Monday, November 5, 2007

I Don't Trust Myself with Loving You

I’ve been reading several posts on other moho blogs that address the issue of trying to date girls. Until now, I’ve been shy about sharing my own recent relationship experience, but I think it might be of benefit. Before I start storytelling, however, I want to say that I think the decision to try dating girls isn’t inherently right or wrong; I believe it may be appropriate for some of us, and a bad idea for others. And obviously it’s the only way that one can end up getting married in the temple. I only intend to relate the facts about my personal experience.

So, I got to BYU in January and decided that I needed to try dating girls, despite my SSA. I thought that maybe if I dated, then I could somehow purge my feelings toward other guys. I went on lots of dates with lots of girls, but just couldn’t see myself really pursuing things. And then Wendy came along. We actually had met the first day of school back in January, but we didn’t really get to know each other until spring came and we started spending time together. Let me tell you about Wendy so you’ll understand why I decided to date her in the first place. Wendy is pretty much the perfect girl. She is a return missionary, relief society president, musical, talented, beautiful, genuine, compassionate, funny, deep, spiritual titan. I thought that if there ever was a girl to whom I could feel a real emotional and physical attraction, it would definitely be her. So after a month of going on dates and becoming close friends, we started dating officially. I was excited and hoped against all odds that things would work out.

However, as the weeks progressed into months, my lack of attraction toward her became more and more blaringly obvious. We would kiss and hold hands and I hoped that this would change things; but things got worse. I could tell that she was really becoming invested in the relationship- I met her parents and her siblings and we started spending even more time together. And though I genuinely cared for her (and still do), I felt that I was deceiving her- almost living a double life in feigning attraction. But I was stubborn and wanted so badly for everything to be normal, so we continued dating. Finally, four months into the relationship, I couldn’t handle the mask any longer. I took Wendy for a walk and told her my whole gay story. She was devastated and extremely distraught. She felt like I had led her on and almost used her as an experiment. I can’t say that that’s entirely untrue. Isn’t that just what I did? And yet isn’t that also what the Church would want me to do? Try my very best to make things work? Then why do I feel so horrible about what I did? I really hurt her deeply. The whole time that we were dating I felt like I was being unfair to Wendy and to myself; I personally would never want to marry someone who isn’t madly in love with me- and I think that if I had kept running with the farce, Wendy and I could have ended up getting married. But I just don’t think I could have endured.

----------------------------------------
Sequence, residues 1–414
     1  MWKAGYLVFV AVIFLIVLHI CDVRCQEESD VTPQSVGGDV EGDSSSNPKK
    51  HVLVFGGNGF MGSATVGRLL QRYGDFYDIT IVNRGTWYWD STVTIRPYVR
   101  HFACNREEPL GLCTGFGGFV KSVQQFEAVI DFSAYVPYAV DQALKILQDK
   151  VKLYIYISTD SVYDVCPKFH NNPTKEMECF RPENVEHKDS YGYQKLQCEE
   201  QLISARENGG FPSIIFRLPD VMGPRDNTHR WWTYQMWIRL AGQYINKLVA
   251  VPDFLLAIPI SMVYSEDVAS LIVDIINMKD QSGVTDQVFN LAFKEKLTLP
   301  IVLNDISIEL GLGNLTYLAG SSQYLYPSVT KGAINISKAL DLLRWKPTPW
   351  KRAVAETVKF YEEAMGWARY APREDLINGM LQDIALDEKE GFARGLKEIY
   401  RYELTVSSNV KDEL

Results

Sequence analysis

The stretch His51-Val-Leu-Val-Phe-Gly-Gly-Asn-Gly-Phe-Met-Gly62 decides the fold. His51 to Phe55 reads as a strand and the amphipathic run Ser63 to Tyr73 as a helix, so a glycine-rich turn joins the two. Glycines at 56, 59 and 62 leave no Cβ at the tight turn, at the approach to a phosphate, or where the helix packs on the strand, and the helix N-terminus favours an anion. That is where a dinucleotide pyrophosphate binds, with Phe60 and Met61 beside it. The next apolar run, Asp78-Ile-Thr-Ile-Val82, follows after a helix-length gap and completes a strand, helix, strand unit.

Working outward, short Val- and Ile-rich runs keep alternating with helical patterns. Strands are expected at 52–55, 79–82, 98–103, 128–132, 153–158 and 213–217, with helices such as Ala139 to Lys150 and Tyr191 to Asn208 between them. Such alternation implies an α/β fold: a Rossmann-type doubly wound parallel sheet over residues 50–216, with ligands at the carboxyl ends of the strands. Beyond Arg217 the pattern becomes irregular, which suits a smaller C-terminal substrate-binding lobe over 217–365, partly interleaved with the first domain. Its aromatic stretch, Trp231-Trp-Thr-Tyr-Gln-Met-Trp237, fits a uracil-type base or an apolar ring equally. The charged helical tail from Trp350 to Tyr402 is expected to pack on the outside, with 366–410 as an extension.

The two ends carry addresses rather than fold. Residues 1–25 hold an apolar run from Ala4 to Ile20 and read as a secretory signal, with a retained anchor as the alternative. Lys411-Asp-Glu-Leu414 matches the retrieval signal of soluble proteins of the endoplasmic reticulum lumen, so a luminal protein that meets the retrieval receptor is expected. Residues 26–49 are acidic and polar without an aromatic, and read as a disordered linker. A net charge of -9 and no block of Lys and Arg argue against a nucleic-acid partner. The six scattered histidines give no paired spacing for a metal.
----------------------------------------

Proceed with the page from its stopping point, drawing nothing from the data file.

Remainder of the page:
Wendy and I are still close friends. I love her but I’m not in love with her. And right now the possibility of ever falling in love with any girl is looking pretty impossible for me. I tried so hard- so hard, but even my best efforts led to failure. I find myself once more in the middle of the Dragon’s field, but I can’t say that this time I’m displeased to be there…


Socal said...

I don't know. I don't really see what else you could have done. If she takes it as you using her as some sort of experiment, well then she takes it that way. But, isn't that really what dating is for everyone? You experiment to see who you like and who you don't or who you fall in love with and who you don't. In addition, as with any relationship, disclosure happens over time. You don't disclose everything all at once. If she can't understand that, then that is her issue, not yours.

You ultimately were honest with her and that, to me, shows integrity. I'm sure some of you out there would disagree with me with what I am about to say, but I only see a real issue if you marry her or get engaged without disclosing the big SSA issue. If you and she were to make commitments and covenants (e.g. marriage) where she is entering an eternal relationship under false pretenses, that would be a huge mistake. Prior to any offer of engagement, no commitments or covenants have been formally made and when you disclose the big SSA issue is when the Spirit dictates. However, in my opinion, it should ALWAYS be done before you get near the point of engagement.